Commercial (Common Attic, Taxpayer, Mini-mall, etc.):

12- or 14-foot extension ladder for inside operations. These ladders can be used in the involved occupancy and adjacent occupancies to gain access to the common attic to check and control the spread of fire.

20- or 24-foot straight, 24-foot extension ladder to the roof. Ladder a corner of the roof away from the fire, on the windward side, and away from fascias. This may entail placing ladders on the ends or at the rear of the building.

In all cases, raise at least two ladders to the structure.

Consider using aerial ladders when possible.

TRAINING TIPS

1. “Dump the truck apparatus for time.” This is accomplished by choosing an appropriate objective and having your personnel correctly place all the ladders carried by your apparatus.

2. As you drive through your district, periodically pick objectives of varying heights. Ask your personnel what ladders might be necessary to reach a particular objective. If there is any disagreement, you are not sure, or you want to remove the dust from the ladders, raise them. You will like this drill for three reasons. First, it challenges your personnel to think. Second, it enhances their judgment and ability to select an appropriate ladder. Third, personnel are challenged to a contest (they like that), and it probably will result in several ladders being raised (you will like that).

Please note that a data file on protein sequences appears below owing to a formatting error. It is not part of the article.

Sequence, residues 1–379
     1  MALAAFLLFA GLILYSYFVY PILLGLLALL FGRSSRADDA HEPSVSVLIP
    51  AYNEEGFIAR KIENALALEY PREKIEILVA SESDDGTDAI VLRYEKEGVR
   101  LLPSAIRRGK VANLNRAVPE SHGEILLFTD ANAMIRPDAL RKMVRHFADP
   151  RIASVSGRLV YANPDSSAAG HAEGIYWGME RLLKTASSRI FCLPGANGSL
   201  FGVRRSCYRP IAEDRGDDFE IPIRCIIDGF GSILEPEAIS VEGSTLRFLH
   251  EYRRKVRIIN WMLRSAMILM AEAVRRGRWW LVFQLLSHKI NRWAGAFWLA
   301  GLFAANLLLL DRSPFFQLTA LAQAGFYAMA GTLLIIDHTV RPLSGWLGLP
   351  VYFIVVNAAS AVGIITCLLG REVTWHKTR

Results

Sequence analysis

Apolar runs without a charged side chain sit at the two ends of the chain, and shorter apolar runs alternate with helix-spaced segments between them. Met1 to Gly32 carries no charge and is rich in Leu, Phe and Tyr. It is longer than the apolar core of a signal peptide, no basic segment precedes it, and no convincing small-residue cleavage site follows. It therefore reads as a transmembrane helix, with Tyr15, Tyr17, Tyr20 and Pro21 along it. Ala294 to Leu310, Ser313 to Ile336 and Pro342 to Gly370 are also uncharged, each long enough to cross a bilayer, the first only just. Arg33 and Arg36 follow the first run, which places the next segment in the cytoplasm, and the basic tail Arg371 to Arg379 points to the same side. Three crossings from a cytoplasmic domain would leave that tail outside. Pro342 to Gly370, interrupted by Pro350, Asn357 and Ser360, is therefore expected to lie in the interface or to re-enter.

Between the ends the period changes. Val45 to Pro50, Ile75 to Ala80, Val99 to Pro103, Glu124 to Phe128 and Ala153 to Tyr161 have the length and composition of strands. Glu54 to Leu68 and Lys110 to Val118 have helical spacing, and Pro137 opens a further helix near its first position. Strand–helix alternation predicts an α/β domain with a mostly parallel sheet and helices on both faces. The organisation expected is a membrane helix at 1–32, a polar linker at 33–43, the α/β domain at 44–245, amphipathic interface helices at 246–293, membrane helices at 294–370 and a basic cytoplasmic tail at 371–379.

3. Practice raising your ladders with as few personnel as is safely possible. Doing so can stimulate thought, increase options, and increase your available staff for other tasks.

4. You may never use some ladder evolutions at an incident. However, the more evolutions you practice, the more confident and proficient you and your team will become.

5. Use the photos in this article as training aids. These structures make excellent scenarios for challenging personnel to consider ladder placement guidelines. n

JOHN W. MITTENDORF is a retired battalion chief and 30-year veteran of the City of Los Angeles (CA) Fire Department, where his duties included commander of the in-service training section. He presents seminars on fireground operations; is the author of the books Ventilation Methods and Techniques and Facing the Promotional Interview, published by Fire Technology Services; and is a member of the Fire Engineering editorial advisory board. This article is excerpted from his forthcoming book on truck company operations, published by Fire Engineering.